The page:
THE JUNCTION ARTS FESTIVAL (Dundas between Quebec and Keele), September 11 and 12, Saturday noon to 11 pm, Sunday noon to 6 pm. Free. Launch party tonight (Thursday, September 9), 8 pm, at Union Square Condominiums (417 Keele). $25. 416-767-5036, www.junctionartsfest.com. Rating: NNNNN
The Junction neighbourhood is often forgotten, but it's getting harder to overlook.
A century ago it was home to people who worked on the railroads that shaped the community. Today, reasonable rents and plenty of character could make it Toronto's next art hot spot, and the growing popularity of the annual Junction Arts Festival offers plenty of evidence of that trend.
Originally just a few pictures hung on the wall of a local frame shop, the two-day festival, now in its 12th year, boasts artists from as far away as Lithuania and Thailand.
This community event has always involved plenty of family-oriented fun, including several stages with live music, dance and other performances. For those who want something more real than reality television, the 10 finalists from Teen Talent Show compete Sunday afternoon. Think Canadian Idol, only without the scathing comments, contestants' embarrassment, national shame and that vacuous Mulroney kid.
Check out the new Urban Zone, too, put on by the Junction's Toronto Hiphop Cultural Arts Centre, which runs all weekend and features an appearance by the Dope Poet Society (Sunday, September 12, at 4:20 pm).
In visual arts, a juried art show has interesting work by more than 30 artists. A curated exhibition is new to the festival this year.
Highlights from the juried show include Laura Nanni 's site-specific installation of familiar looking chairs in odd places. Also keep an eye out for The Metropolitan Refreshment Auxiliary, where Zoe Stonyk and Margaret Saliba brew up a return to the lost art of traditional tea time and chatting with passersby. Many other artists are showing their paintings, sculptures and photographs.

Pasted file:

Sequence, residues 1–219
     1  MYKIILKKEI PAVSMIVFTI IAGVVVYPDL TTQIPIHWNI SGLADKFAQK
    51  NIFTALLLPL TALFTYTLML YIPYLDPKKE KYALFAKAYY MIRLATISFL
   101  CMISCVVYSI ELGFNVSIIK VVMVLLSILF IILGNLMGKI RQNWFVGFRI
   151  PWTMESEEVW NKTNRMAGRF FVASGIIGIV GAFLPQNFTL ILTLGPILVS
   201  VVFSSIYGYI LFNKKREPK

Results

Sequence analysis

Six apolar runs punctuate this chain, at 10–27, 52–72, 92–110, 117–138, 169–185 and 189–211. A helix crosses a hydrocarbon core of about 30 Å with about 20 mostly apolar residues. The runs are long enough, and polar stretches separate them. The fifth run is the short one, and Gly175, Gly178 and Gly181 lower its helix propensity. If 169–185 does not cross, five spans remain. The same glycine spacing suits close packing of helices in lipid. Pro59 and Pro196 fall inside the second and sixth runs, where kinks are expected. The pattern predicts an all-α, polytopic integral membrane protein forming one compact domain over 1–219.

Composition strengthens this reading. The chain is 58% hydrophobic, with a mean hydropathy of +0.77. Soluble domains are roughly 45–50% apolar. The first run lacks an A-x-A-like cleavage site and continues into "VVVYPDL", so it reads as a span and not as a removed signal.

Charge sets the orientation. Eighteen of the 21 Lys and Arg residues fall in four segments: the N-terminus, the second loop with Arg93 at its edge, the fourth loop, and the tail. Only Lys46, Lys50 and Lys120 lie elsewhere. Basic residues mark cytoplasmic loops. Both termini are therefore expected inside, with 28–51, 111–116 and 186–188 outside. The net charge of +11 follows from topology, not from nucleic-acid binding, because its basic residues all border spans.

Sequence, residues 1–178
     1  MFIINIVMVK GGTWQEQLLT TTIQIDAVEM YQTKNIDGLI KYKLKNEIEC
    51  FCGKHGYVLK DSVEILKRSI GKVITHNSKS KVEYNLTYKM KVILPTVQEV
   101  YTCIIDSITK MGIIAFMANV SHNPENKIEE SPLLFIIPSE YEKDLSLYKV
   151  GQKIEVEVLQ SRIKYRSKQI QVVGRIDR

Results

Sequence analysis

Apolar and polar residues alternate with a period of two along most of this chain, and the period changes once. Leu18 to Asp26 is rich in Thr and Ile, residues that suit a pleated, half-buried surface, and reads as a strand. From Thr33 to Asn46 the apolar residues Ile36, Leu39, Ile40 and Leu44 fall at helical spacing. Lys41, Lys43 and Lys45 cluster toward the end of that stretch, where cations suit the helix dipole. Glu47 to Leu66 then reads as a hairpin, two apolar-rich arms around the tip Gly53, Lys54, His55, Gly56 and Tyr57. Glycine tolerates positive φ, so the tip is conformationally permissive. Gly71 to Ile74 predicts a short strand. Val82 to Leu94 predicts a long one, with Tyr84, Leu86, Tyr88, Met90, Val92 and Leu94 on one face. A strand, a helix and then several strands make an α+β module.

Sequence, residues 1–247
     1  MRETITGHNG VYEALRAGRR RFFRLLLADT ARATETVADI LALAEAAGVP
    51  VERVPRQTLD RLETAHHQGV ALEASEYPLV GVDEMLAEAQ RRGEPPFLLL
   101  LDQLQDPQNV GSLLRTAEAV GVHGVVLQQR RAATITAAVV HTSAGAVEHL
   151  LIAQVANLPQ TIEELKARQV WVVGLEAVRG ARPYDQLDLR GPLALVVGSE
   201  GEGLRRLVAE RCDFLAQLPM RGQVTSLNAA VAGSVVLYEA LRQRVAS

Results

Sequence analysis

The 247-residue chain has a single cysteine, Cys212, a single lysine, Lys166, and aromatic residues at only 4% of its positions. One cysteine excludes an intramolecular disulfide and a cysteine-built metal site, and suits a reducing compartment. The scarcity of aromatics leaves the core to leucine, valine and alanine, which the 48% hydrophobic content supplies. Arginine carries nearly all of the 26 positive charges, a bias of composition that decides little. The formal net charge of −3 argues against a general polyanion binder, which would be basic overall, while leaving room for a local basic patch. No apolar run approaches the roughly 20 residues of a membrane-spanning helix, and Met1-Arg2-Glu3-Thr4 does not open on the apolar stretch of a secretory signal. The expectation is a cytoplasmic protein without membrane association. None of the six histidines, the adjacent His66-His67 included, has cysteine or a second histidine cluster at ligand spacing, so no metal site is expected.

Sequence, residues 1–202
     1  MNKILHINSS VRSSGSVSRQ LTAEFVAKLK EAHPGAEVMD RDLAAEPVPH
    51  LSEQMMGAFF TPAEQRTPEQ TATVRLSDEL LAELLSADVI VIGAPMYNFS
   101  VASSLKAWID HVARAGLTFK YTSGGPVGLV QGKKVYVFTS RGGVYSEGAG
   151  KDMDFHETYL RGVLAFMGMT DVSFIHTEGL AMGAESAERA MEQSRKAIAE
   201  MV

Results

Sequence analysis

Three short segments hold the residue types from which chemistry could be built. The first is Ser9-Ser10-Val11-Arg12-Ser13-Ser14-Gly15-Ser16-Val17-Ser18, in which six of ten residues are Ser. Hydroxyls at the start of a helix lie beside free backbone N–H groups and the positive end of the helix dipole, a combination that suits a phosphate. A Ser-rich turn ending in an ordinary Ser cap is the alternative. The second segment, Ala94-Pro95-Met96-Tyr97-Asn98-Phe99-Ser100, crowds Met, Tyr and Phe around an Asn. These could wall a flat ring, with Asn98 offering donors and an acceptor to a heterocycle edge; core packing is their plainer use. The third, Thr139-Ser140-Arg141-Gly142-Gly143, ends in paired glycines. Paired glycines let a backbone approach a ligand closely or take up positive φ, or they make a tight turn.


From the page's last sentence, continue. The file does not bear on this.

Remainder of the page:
The curated exhibition, Sorry For The Inconvenience, focuses on public intervention and performance. Under the umbrella of the community-based festival, the artists take advantage of the opportunity for public interaction to draw people of all ages into the creative process. While the event may not herald the death of elitism in art, it is at least a small 48-hour cold.
The interactive show features a handful of art luminaries from West Queen West, including the Westside Couture Club ( Will Munro and Jeremy Laing ), who stitch together a giant quilt from 12-inch squares of fabric submitted by other local and international artists.
Meanwhile, Paige Gratland and Day Milman carry around "beautiful burdens" on the strip, offering bystanders the chance to help with the load.
Kate Terry presents complete art-making kits, while Maria Legault demonstrates how to fill a variety of holes with pink pudding. The City Beautification Project ( Jason van Horne and Duncan Walker ) and Lucia de L'Amour also participate. For a complete description of the event, pick up a copy of Ken Ogawa 's catalogue, a work of art in itself.